On clinical examination (and necropsy if incidentally found), early disease is detectable as a raised area of cloudiness in the cornea[3] indicating keratitis. This then spreads and corneal oedema develops giving the eye a blue tint. Conjunctivitis is evident by oedema, erythema and vascular congestion of the scleral vessels. Corneal ulcers may be visible on gross examination and are more obvious with administration of fluoroscein dye. They may be superficial or deep and may leave stromal scars behind after healing.

Season and history of infection and presence of flies will raise suspicion of IBK before an animal is examined.

Lacrimal swabs can be taken and the bacterium can then be cultured on media impregnated with blood or serum where it forms small, round, shiny, friable colonies. It will not grow on MacConkey agar. Fluorescent antibody testing (FAT) is also available for identification. The bacterium may be visible on smears of lacrimal secretions.

Treatment

Sub-conjunctival injections of appropriate antibiotics such as procaine penicillin are most effective, but treatment can also be given systemically, e.g. oxytetracycline, tulathromycin, tilmicosin or florfenicol. Early acute cases may respond to regular application of ophthalmic ointments such as those containing cloxacillin. Withdrawal periods must be adhered to, so selecting a drug licensed for the preferred method of administration is advised.

Anti-inflammatory therapy may also improve demeanour during recovery.

Recovery time ranges from days to months depending on the severity of infection and ulcer formation.

If possible, animals should be housed indoors during treatment so that flies can be controlled and irritation minimised.

Severe cases may require surgery such as temporary third eyelid closure or conjunctival pedicle grafts to facilitate ulcer healing.

Control

Eradiation is not possible due to the ubiquitous nature of M. bovis. Fly control is valuable but rarely practical. Early detection, treatment and isolation of affected individuals may restrict spread of an outbreak.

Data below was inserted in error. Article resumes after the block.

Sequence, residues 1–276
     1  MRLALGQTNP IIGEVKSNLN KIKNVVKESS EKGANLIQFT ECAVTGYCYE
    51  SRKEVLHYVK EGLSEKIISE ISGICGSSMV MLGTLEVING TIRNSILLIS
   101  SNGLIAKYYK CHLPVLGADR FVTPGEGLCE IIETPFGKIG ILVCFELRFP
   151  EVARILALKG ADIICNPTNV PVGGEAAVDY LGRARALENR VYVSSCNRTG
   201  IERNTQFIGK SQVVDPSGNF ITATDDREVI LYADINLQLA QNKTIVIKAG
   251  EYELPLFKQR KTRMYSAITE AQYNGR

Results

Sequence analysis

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References

  1. Billson, F. M., Harbour, C., Michalski, w. P., Tennent, J. M., Egerton, J. R., Hodgson, J. L (2000) Characterisation of haemolysin of Moraxella bovis using a hemolysin-neutralising monoclonal antibody. Inf. and Immun., 3469-3474
  2. Prieto, C. I., Aguilar, O. M., Yantorno, O. M. (1999) Analyses of lipopolysaccharides, outer membrane proteins and DNA fingerprints reveal intraspecies diversity in Moraxella bovis isolated in Argentina. Veterinary Microbiology, 70(3/4):213-223; 36
  3. Bedford, P. G. C (1992) Ocular diseases. Bovine medicine: diseases and husbandry, Wiley-Blackwell, Oxford, pp712-721; 27


CABIlogo

This article was originally sourced from The Animal Health & Production Compendium (AHPC) published online by CABI during the OVAL Project.

The datasheet was accessed on 28 July 2011.








Haskell, S (2008) Blackwell’s Five-Minute Veterinary Consult: Ruminant. Wiley-Blackwell, Oxford

Merck Veterinary Manual, Infectious Keratoconjunctivitis, accessed online 24/07/2011 at http://www.merckvetmanual.com/mvm/index.jsp?cfile=htm/bc/30500.htm